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a salt of chlorous acid, HClO2. Chlorites are formed in the reaction of chlorine dioxide and alkaline solutions in the presence of H2O2 or reducing agents; for example,
2ClO2 + 2NaOH + H2O2 = 2NaClO2 + 2H2O + O2
In acidic media, chlorites are good oxidizing agents; in the solid state, they explode upon impact or upon heating, as well as in the presence of readily oxidizable impurities.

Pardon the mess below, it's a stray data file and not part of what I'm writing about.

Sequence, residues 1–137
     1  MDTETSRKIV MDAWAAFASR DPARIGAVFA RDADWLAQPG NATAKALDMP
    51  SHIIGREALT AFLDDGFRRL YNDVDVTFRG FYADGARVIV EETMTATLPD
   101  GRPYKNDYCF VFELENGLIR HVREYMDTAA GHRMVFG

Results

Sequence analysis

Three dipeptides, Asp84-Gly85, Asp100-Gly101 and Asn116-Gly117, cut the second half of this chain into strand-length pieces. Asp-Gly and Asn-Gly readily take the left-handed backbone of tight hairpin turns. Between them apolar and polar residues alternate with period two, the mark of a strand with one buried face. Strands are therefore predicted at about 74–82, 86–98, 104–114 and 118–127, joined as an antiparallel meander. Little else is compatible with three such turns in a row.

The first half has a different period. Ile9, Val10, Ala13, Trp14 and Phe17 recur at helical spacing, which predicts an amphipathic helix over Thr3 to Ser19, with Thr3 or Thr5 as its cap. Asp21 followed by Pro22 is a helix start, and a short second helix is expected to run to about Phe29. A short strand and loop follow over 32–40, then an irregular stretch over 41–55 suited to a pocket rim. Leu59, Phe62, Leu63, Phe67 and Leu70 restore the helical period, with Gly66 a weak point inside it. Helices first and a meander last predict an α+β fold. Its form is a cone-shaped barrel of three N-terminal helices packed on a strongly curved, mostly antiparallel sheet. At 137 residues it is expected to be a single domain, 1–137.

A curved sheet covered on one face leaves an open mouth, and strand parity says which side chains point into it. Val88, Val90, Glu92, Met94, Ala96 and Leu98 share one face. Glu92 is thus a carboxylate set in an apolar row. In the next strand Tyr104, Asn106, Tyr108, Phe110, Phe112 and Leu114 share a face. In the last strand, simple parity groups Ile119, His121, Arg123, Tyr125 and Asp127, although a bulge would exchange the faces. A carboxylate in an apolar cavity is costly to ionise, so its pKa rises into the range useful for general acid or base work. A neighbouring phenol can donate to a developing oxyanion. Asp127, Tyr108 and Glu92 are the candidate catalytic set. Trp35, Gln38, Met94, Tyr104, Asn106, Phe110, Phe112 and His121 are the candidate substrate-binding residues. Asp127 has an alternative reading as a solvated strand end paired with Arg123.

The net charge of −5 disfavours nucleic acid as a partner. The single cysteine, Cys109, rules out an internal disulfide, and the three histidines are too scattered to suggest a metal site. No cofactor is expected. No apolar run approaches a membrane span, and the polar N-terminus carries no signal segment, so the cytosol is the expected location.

Of all the chlorites, sodium chlorite has found use. It is obtained as colorless crystals, whose solubility in water is 31.1 percent at 0°C, 50.7 percent at 37.4°C, and 56.3 percent at 70°C. Below 37.4°C, it forms the crystal hydrate NaClO2 · 3H2O. Above 100°C, it begins to decompose, forming sodium chlorate and sodium chloride. Upon reaction with chlorine, it forms ClO2 and NaCl. Sodium chlorite is used in the form of aqueous solutions for the mild bleaching of fabrics (mainly linens) and paper, for water decontamination, and, in small amounts, for the production of ClO2.